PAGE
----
The manual switch 18 short-circuits the timing means 12, thereby activating the alarm unit 15 whenever the water-sensitive switch 11 is submerged beneath the water, regardless of the elapsed time during which the water-sensitive switch 11 has been submerged. Thus, the manual switch 18 is useful for divers, for example, and other similar underwater swimmers who, by means of the manual switch 18, are able to send distress signals when their oxygen supply is short, or for any other reason, regardless of the status of the timing means 12.
FIG. 2 shows a detail of the alarm unit 15 in accordance with a first preferred embodiment of the invention. There is provided a transmitter 20 which is worn by the swimmer and transmits a warning signal when the first and second terminals 13 and 14, respectively, of the timing means 12 are connected to each other. A receiver 21, remote from the transmitter 20 and typically fixed to a swimming pool (see FIG. 3), receives the warning signal and produces a corresponding alarm signal which, in turn, is fed to an alarm indication means 22 for producing the desired warning.
Alternatively, the alarm unit 15 may be constituted by a simple alarm circuit, including a buzzer, which is connected directly to the timing means 12.
FIGS. 3 and 4 show alternative scenarios of the device 10 in actual use. Thus, as shown in FIG. 3, the receiver 21 is fixed to a wall 23 of a swimming pool 24 beneath the level 25 of water therein. The alarm indication means 22 is fixed above the water level 25. A swimmer 26 wears the device 10 around his forehead, the device 10 being fixed thereto by means of a flexible headband 27. When the swimmer 26 is submerged beneath the water level 25 for longer than the pre-set time interval, the transmitter 20 emits a warning signal, this being detected by the receiver 21, so as to produce an audible or visual alarm signal via the alarm indication means 22.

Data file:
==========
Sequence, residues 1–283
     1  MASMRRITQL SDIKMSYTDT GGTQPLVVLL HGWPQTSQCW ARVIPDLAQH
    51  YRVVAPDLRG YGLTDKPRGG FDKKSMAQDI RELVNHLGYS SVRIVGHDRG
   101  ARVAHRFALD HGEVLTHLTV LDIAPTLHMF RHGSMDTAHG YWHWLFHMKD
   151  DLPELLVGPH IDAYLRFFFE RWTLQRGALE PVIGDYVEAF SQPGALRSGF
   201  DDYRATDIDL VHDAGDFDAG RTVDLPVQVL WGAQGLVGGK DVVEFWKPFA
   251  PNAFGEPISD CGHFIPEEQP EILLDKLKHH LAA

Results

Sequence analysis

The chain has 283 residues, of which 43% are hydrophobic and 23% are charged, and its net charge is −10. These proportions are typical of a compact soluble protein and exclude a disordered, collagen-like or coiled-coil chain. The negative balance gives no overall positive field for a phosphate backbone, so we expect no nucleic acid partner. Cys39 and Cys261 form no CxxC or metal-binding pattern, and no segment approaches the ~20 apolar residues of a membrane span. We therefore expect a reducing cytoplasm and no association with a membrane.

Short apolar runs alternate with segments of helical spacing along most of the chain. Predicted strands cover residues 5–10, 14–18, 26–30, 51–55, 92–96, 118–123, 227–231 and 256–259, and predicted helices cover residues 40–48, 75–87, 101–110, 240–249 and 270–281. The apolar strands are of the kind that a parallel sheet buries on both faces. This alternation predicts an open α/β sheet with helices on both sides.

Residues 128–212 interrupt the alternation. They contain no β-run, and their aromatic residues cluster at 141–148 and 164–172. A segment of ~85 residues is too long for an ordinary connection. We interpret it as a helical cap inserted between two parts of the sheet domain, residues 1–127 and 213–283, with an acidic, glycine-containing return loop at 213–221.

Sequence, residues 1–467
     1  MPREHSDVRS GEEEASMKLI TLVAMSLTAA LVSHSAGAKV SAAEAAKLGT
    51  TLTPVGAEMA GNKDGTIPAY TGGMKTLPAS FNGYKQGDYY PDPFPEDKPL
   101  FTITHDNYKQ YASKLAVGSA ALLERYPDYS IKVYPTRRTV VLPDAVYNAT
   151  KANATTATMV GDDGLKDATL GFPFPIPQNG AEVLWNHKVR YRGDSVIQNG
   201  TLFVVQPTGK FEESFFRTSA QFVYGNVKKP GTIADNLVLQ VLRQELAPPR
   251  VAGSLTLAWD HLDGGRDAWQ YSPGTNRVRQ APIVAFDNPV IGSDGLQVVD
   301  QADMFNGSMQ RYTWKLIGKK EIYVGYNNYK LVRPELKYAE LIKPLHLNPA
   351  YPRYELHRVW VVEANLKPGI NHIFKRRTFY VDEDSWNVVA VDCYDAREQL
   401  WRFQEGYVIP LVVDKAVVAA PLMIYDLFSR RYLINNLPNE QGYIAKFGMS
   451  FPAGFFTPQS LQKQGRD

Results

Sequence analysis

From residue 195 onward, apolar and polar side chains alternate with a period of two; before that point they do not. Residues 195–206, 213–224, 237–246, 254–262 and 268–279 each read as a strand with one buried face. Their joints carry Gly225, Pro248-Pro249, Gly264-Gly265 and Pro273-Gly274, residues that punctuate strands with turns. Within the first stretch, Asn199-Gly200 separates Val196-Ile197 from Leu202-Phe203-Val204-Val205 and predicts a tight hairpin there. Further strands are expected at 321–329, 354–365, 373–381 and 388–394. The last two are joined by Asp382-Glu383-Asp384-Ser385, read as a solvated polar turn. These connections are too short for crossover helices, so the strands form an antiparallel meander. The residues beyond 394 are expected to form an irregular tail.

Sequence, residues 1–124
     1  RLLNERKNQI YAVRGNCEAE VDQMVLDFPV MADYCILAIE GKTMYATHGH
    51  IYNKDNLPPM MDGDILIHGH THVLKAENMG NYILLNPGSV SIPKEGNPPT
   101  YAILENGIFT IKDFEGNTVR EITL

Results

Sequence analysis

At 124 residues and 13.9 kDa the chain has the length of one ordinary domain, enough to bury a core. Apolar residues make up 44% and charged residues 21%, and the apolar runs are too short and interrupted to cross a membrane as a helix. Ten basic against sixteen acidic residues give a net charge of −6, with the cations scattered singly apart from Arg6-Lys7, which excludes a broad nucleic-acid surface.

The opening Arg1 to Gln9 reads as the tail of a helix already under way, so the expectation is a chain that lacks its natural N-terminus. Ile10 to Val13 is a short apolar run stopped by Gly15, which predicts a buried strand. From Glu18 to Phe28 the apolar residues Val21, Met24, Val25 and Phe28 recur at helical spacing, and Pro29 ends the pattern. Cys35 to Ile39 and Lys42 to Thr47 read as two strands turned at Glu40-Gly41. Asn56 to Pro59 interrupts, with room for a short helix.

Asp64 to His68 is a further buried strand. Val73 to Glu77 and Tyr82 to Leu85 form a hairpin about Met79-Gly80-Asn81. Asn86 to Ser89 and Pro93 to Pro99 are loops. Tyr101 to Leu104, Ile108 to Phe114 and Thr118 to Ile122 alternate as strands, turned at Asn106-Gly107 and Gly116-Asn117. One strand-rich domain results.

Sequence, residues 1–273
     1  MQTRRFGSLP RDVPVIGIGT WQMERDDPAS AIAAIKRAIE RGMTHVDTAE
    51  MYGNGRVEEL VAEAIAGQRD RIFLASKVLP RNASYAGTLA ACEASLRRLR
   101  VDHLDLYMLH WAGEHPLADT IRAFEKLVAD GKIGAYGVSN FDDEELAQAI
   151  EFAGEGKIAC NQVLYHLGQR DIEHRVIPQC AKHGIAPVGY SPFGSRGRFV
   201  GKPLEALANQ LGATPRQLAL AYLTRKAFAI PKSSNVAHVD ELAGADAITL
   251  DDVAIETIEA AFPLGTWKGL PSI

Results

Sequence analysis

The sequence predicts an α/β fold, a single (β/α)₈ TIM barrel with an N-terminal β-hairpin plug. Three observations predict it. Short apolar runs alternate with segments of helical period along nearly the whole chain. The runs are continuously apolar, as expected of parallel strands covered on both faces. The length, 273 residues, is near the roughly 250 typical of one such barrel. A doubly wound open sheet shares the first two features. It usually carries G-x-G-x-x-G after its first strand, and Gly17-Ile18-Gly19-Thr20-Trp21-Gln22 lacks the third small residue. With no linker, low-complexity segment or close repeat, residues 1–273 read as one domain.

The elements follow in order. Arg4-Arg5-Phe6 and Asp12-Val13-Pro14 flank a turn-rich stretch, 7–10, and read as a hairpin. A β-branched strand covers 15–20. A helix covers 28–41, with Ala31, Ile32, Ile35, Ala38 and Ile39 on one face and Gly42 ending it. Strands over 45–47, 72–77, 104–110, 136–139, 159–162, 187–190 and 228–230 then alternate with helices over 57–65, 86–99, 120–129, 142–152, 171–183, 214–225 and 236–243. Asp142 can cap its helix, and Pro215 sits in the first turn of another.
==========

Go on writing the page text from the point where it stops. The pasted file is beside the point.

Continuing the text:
The transmitter 20 is typically directional, thereby permitting the warning signal transmitted thereby to be detected only by a receiver 21 which is located within a reception zone of the transmitter 20. Therefore, for large pools, a plurality of receivers 21 may be provided around a periphery of the pool, each of the receivers being connected either to a common alarm indication unit or, alternatively, to separate alarm indication units, as required. The provision of a separate alarm indication unit for each receiver, provides immediate feedback to a lifeguard or other security personnel of the approximate direction from which the warning signal was transmitter and hence in which the swimmer 26 is located.
The warning signal may be acoustic such as ultrasonic, optical such as infra-red or a radio-frequency (r.f.) signal. In the event that r.f. signals are employed, an antenna may be connected to the transmitter 20, the antenna preferably being constituted by a flexible electrically conductive belt which may also serve as the headband 27 and 27a. Alternatively, several transmitters 20a-20d may be disposed circumferentially round the headband 27, each for transmitting a respective acoustic, optical or r.f. signal, as required to a corresponding receiver.